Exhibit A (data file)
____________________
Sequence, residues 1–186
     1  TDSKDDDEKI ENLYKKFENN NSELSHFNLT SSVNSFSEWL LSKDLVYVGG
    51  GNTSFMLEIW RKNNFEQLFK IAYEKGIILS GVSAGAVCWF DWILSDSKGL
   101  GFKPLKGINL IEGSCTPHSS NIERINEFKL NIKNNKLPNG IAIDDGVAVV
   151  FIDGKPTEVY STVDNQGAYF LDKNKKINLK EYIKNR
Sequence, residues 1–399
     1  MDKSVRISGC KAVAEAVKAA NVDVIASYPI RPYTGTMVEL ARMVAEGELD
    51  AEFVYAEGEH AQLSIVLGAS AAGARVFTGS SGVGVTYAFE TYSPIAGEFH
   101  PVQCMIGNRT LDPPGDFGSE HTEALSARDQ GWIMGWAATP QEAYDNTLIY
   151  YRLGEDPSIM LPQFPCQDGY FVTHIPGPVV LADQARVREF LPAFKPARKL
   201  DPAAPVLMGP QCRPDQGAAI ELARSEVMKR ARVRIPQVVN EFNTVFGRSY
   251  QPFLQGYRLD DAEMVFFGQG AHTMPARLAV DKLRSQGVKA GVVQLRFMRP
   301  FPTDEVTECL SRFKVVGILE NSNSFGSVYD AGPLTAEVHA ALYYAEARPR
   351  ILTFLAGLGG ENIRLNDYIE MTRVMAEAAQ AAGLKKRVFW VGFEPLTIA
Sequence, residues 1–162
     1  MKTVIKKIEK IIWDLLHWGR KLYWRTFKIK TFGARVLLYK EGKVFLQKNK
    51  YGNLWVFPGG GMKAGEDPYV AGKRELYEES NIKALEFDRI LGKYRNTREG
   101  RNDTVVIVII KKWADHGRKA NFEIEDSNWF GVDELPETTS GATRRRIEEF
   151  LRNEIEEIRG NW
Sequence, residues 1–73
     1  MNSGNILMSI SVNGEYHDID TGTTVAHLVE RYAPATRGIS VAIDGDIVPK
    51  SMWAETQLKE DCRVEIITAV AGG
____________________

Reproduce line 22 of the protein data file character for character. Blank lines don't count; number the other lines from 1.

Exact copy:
    51  SMWAETQLKE DCRVEIITAV AGG